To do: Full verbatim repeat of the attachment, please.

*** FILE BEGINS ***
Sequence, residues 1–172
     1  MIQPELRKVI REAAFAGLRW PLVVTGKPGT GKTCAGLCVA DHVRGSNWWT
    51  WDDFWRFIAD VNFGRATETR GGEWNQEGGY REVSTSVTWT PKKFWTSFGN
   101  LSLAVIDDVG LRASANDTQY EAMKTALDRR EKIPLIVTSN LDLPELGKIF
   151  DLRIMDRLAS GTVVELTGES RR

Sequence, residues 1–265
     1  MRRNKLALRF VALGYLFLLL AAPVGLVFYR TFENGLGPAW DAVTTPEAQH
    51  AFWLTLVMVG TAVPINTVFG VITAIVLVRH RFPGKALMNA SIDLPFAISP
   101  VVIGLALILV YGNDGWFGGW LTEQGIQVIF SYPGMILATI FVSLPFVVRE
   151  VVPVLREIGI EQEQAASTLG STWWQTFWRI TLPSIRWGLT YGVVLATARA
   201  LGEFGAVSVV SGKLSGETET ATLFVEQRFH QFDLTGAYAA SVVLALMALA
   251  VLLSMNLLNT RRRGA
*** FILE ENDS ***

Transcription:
Sequence, residues 1–172
     1  MIQPELRKVI REAAFAGLRW PLVVTGKPGT GKTCAGLCVA DHVRGSNWWT
    51  WDDFWRFIAD VNFGRATETR GGEWNQEGGY REVSTSVTWT PKKFWTSFGN
   101  LSLAVIDDVG LRASANDTQY EAMKTALDRR EKIPLIVTSN LDLPELGKIF
   151  DLRIMDRLAS GTVVELTGES RR

Sequence, residues 1–265
     1  MRRNKLALRF VALGYLFLLL AAPVGLVFYR TFENGLGPAW DAVTTPEAQH
    51  AFWLTLVMVG TAVPINTVFG VITAIVLVRH RFPGKALMNA SIDLPFAISP
   101  VVIGLALILV YGNDGWFGGW LTEQGIQVIF SYPGMILATI FVSLPFVVRE
   151  VVPVLREIGI EQEQAASTLG STWWQTFWRI TLPSIRWGLT YGVVLATARA
   201  LGEFGAVSVV SGKLSGETET ATLFVEQRFH QFDLTGAYAA SVVLALMALA
   251  VLLSMNLLNT RRRGA